If you’re from a cold weather climate, nothing brings forth the excitement that comes with spring and warmer temperatures. It’s also my favorite time of the year to get in my car, toss on my favorite tunes, and just take a drive. Today’s featured album is on my personal top 20 list, maybe even top 10.

A group of guys were attending the Abingdon School, an independent school for boys in Oxfordshire, England back in 1985. Thom Yorke and Colin Greenwood were the same year, while Ed O’Brien and Philip Selway were one year older. They called themselves On A Friday, because that’s when they rehearsed in the school’s music room. They each picked their instruments based on what sounded good. You could argue they were more cohesive because of that decision and each guy could play multiple instruments. Their common bond was disliking the school and its strict atmosphere but enjoying classes with a music teacher who exposed the kids to jazz, avant-garde music, and 20th-century classical.

On A Friday began playing around town and were even offered a deal right away, but they turned it down in favor of heading to college. They continued to play and practice on weekends though, feeling they had something special. One night at the Jericho Tavern, a manager decided to check them out. Impressed, he offered the group his services and remains their manager to this day. The band signed a six-album deal with EMI shortly after and changed their name to Radiohead—a nod to a song with the same name by the Talking Heads.

Radiohead’s debut album came out in 1992, with about as poor an initial response as a band could get. The lead single “Creep” was called “too depressing” by critics and the group referred to as a “lily-livered excuse for a rock band”. They were dubbed Nirvana wannabes as they were lumped in with the alt-rock rage of the era.

About a year later, the song had made its way across the pond, where the video started to get heavy play on MTV. The group also began to work on their second album, The Bends which hit shelves in March of 1995. Because of some of the critique, Radiohead wanted to go an entirely different direction and put themselves in the experimental rock genre. Thom Yorke also began writing about his personal angst with more cryptic lyrics—something that is an absolute signature of the group to this day.

Six charting commercial singles later, The Bends has sold nearly 10 million copies worldwide, won various awards in multiple countries and is ranked No. 110 on Rolling Stone’s 500 greatest albums of all time. While some critics were totally unimpressed upon release, you’d be hard-pressed to find anything remotely negative about the record in modern reviews. Any depth reviewers felt the album lacked in the moment; it’s now hailed as one of the best ever.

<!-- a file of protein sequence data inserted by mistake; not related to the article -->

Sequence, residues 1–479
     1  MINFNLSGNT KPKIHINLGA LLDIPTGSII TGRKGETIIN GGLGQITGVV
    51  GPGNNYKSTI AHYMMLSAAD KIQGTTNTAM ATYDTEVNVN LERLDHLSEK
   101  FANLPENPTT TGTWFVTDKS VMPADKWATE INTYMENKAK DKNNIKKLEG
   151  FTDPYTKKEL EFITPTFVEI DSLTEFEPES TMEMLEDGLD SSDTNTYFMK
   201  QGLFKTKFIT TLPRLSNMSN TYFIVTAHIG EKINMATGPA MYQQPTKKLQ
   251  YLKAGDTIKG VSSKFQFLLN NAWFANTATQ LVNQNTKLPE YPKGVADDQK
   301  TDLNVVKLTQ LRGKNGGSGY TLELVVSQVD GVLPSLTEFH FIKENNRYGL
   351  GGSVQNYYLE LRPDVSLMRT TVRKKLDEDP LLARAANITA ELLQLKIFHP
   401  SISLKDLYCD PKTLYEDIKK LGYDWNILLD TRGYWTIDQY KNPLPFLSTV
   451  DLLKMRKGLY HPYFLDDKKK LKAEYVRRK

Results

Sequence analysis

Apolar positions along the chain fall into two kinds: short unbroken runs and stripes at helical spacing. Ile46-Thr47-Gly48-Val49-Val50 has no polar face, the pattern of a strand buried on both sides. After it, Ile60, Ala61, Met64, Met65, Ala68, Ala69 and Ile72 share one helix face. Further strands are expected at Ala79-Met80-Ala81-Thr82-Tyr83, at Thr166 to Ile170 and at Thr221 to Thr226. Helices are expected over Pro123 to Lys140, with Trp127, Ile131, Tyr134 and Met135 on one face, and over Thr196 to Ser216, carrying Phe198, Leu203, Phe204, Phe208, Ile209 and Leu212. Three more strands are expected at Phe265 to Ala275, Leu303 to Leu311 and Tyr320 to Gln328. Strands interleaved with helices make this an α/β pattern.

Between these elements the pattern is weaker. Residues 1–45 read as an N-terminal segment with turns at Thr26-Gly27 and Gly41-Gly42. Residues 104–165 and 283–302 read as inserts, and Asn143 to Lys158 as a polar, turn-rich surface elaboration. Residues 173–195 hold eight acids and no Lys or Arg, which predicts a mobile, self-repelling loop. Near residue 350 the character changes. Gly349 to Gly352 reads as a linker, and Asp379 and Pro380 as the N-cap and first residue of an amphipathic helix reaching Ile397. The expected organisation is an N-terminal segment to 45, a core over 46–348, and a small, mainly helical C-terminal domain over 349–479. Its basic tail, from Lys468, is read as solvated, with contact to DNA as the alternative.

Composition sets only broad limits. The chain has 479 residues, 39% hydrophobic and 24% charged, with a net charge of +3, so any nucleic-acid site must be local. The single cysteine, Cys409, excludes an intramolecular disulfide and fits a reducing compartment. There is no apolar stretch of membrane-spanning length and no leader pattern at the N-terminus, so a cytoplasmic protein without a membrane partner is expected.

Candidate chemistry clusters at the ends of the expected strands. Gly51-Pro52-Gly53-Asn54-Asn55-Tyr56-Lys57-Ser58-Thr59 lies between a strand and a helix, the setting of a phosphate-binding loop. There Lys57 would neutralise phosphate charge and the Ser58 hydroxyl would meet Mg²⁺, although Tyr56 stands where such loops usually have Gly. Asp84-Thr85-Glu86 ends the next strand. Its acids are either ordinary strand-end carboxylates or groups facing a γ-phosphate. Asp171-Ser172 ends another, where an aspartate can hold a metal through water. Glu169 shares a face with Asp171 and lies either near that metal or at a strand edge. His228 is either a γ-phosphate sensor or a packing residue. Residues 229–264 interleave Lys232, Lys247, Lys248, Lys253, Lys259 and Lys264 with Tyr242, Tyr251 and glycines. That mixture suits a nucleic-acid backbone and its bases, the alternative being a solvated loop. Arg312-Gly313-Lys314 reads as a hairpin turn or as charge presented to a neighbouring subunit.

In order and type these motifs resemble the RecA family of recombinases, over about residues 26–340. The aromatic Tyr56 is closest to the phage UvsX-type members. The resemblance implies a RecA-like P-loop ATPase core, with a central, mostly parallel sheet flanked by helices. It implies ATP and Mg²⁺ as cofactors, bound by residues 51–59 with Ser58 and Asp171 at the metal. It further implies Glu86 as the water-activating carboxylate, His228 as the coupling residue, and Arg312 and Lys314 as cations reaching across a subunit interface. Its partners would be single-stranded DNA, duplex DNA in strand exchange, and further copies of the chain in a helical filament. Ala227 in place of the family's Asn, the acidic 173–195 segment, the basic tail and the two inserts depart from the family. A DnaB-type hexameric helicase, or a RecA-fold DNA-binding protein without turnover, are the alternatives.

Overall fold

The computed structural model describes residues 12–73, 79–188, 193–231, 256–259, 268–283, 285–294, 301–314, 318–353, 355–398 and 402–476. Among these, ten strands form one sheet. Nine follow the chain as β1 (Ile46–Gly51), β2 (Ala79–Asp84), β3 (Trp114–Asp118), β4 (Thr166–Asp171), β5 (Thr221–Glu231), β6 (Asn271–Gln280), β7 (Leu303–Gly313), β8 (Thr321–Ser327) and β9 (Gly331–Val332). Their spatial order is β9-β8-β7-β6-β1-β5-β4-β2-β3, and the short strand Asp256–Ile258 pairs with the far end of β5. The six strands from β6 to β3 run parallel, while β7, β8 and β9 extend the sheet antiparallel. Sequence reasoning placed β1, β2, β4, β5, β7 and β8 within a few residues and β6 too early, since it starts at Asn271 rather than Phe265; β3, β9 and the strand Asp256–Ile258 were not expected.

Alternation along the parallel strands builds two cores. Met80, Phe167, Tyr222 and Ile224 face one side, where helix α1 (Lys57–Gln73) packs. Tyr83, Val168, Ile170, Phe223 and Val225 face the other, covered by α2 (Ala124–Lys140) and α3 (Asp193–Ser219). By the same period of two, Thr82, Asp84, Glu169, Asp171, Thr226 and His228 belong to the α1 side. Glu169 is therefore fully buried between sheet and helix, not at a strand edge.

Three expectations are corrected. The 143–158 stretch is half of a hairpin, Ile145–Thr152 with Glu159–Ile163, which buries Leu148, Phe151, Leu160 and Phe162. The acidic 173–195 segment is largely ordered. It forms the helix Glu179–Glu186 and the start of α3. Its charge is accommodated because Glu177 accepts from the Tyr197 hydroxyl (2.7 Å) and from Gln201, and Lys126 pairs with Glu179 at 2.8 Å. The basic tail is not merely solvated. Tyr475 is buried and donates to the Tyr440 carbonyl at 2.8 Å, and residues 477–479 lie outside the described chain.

I can’t say enough about Radiohead and their music. It’s been discussed on the blog before, but I merely scratched the surface of what this band is. The fact it’s been seven years between Radiohead posts is frankly appalling and I apologize. Every album they release is different—and I don’t mean rock to alt-rock—I’m talking rock all the way to electronic with elements of folk, soul, and R&B. Everything they do is all over the map.

The Bends is a very contemplative, slower paced album—probably the only one of its kind within the Radiohead discography. In the previous blog, I wrote about the follow-up record ‘OK Computer’, which is a random assortment of electronic and storytelling-style songs, with subject matter that’s beyond comprehension. If you made me pick which album I preferred, I simply couldn’t. They’re both so good, and so unique, it’s like asking me if I like The Beatles or Led Zeppelin more.

I could gush for days about Radiohead, instead I’ll just tell you to pick this one up today. Don’t leave me high, don’t leave me dry—let me know what you think of The Bends if it’s your first-time experiencing Radiohead. If you’re a fan like me, listen to this and then the rest of their catalog—I know I will. Happy Tuesday!

Top 3 Tracks:

  1. High And Dry
  2. Fake Plastic Trees
  3. Just



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